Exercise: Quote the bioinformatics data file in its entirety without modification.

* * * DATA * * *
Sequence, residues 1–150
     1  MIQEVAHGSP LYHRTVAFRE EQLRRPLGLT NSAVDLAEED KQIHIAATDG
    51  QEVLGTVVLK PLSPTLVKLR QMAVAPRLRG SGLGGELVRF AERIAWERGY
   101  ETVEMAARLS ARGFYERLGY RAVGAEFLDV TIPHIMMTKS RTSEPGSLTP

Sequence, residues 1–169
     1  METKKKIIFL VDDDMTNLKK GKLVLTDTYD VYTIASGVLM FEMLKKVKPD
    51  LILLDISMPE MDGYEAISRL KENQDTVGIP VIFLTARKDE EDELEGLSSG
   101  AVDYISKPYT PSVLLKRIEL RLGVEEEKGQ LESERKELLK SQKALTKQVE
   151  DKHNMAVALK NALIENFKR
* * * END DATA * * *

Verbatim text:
Sequence, residues 1–150
     1  MIQEVAHGSP LYHRTVAFRE EQLRRPLGLT NSAVDLAEED KQIHIAATDG
    51  QEVLGTVVLK PLSPTLVKLR QMAVAPRLRG SGLGGELVRF AERIAWERGY
   101  ETVEMAARLS ARGFYERLGY RAVGAEFLDV TIPHIMMTKS RTSEPGSLTP

Sequence, residues 1–169
     1  METKKKIIFL VDDDMTNLKK GKLVLTDTYD VYTIASGVLM FEMLKKVKPD
    51  LILLDISMPE MDGYEAISRL KENQDTVGIP VIFLTARKDE EDELEGLSSG
   101  AVDYISKPYT PSVLLKRIEL RLGVEEEKGQ LESERKELLK SQKALTKQVE
   151  DKHNMAVALK NALIENFKR